Cisco has apparently declared war on Microsoft’s unified communications platform, having chosen the eve of the first Lync conference to describe it as incomplete when compared to Cisco’s enterprise UC offerings.
Cisco has launched what it calls a frank and direct conversation and a weeks-long debate about what’s important when IT executives decide which platforms to choose, and in its initial salvo finds Microsoft lacking in three areas.
Firstly, Cisco said that Microsoft doesn’t provide phones, video endpoints, voice and video gateways, networking and cloud PSTN connections – leaving customers to find them elsewhere, increasing cost and complexity.
Secondly, Microsoft has no clear path for cloud deployments that support the same functionality as on-site Lync deployments. And finally, Microsoft’s Surface tablets and laptops compete against other hardware vendors, which poses a conflict of interest when it comes to supporting bring-your-own-device programmes, said Cisco.
In addition, Cisco said that the way Lync evolved leads to design shortcomings compared with Cisco’s UC products. “We believe that a solution that’s primarily been developed for a desktop PC user experience is less able to meet these wider post-PC requirements than one that has been designed and optimised for them from the outset,” said Rowan Trollope, Cisco’s Senior Vice President and General Manager of collaboration, in a blog post.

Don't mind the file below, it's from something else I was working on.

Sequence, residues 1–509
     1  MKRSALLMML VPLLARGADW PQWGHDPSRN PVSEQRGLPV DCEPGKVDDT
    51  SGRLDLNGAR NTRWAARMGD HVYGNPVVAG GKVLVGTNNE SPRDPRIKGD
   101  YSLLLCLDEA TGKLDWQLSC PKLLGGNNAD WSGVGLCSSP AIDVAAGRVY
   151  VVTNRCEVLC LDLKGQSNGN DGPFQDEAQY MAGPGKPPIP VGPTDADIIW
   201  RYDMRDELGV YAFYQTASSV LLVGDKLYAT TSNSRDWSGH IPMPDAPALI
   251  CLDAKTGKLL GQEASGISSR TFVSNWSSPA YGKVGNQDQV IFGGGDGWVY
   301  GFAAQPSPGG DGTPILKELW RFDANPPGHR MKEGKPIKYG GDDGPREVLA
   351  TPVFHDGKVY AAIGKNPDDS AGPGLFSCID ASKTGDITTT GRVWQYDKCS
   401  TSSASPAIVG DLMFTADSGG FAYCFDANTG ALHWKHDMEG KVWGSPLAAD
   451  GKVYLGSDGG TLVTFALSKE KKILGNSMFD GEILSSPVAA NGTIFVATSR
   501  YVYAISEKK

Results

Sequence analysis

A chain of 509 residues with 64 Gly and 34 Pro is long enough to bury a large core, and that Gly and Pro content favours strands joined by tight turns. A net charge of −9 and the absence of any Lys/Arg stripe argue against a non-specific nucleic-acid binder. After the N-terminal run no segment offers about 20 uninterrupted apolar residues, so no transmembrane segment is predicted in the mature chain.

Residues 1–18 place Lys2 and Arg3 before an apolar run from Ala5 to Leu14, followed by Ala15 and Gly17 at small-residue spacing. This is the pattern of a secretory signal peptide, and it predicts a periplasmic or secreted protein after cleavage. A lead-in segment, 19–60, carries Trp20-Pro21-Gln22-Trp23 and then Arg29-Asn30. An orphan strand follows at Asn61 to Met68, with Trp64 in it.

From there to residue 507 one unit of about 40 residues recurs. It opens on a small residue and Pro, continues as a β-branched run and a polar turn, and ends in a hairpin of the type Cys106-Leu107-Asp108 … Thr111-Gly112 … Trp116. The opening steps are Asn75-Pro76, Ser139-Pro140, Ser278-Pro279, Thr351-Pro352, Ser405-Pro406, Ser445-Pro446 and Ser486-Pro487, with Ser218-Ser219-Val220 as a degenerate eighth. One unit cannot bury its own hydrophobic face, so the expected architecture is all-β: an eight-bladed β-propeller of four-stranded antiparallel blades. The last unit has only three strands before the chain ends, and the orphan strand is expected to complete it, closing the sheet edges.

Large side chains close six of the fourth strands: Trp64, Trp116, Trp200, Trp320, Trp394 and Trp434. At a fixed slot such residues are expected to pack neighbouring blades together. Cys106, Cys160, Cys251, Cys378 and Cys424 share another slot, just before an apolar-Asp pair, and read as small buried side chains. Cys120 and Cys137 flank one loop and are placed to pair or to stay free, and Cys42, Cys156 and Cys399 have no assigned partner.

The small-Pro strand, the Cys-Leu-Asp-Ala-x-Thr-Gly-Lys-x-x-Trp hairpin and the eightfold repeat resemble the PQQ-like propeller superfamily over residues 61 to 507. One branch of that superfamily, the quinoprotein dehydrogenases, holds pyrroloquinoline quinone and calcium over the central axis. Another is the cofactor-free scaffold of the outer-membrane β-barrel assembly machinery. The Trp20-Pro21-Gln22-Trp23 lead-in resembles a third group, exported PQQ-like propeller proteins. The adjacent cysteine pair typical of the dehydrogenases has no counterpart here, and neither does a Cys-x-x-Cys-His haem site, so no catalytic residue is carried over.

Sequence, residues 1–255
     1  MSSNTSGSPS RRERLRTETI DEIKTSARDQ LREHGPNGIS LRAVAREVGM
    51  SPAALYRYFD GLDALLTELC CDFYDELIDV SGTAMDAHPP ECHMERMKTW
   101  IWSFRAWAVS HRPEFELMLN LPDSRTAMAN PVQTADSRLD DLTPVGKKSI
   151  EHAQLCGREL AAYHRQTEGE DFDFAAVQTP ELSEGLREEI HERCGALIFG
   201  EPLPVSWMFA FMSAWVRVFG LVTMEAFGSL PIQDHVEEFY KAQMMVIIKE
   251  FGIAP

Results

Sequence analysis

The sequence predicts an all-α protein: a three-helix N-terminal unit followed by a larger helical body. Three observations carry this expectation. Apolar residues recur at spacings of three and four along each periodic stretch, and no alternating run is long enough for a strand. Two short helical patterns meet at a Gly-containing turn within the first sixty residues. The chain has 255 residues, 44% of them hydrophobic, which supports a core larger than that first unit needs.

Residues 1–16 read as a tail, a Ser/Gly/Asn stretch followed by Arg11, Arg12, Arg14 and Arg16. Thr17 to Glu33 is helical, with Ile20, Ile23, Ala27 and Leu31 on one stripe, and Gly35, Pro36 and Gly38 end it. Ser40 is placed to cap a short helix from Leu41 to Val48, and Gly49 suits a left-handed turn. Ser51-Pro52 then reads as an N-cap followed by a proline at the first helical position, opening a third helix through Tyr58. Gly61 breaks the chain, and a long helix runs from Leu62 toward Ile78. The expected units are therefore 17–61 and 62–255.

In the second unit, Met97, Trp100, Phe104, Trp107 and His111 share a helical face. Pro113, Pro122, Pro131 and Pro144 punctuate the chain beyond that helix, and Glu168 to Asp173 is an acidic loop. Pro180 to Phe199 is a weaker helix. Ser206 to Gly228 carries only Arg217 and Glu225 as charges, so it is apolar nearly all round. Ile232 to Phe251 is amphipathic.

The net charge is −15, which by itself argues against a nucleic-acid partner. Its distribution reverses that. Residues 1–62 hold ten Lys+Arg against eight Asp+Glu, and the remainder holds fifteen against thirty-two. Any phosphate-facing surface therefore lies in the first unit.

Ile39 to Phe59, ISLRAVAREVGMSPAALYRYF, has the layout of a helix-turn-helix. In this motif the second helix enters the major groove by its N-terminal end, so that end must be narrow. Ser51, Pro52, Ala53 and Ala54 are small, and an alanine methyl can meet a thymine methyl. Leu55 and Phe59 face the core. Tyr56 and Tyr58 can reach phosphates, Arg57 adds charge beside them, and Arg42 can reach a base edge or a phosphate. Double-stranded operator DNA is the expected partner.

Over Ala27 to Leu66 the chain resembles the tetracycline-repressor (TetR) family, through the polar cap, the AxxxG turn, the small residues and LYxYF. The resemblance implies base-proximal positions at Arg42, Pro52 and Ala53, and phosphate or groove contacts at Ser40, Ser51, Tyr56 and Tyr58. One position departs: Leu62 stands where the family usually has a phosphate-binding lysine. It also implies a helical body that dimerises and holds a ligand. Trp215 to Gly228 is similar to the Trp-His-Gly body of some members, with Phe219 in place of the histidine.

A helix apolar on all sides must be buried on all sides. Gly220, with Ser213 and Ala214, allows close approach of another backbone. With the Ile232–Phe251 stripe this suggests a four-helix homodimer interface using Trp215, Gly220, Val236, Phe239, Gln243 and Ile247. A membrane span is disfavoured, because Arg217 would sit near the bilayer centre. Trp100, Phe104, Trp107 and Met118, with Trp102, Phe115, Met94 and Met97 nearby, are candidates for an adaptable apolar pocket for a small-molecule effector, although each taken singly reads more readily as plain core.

Cisco claimed it has deployed its UC and collaboration gear for mobile workers, international calling, confidential voice and video, and contact centres that blend voice, video, chat and social media. “By comparison, a solution optimised for only the desktop office worker may not be able to serve other users’ specific needs adequately, and thus may provide less value to the business,” Trollope wrote.
Cisco faulted Microsoft for not supplying all the infrastructure elements needed to support unified communications and collaboration. “An enterprise deployment of Microsoft Lync for collaboration requires technology partners for network switching and routing, wireless networking, voice gateways, branch-office survivability, contact centre applications, video endpoints, and telephones,” the company said in a white paper on the topic.
The white paper criticises Lync’s licence structure, choice of video codecs, and lack of full Lync support in Microsoft’s cloud service Office 365.
Cisco also attacked what it interprets as Microsoft’s strategy for Skype. It said in the white paper that Skype will evolve to run better on Microsoft’s own software platforms than on others, at least according to this statement from Microsoft CEO Steve Ballmer: “We always want Skype to be first and best on Windows.”
A survey Cisco commissioned from Redshift Research found that 72 percent of respondents say such a policy would have at least some negative impact on their businesses. The same survey said 46 percent of respondents who have deployed Lync don’t use it for external business communications, while 77 percent have a separate communication system.
Cisco promises to keep up its drumbeat against Microsoft’s UC and collaboration because it has so much to say against Microsoft. “That’s why we’re making this the first of a series of posts where Cisco leaders will examine questions like these, comparing Cisco’s approach to enterprise collaboration with Microsoft’s, highlighting a different topic in every post,” Trollope said.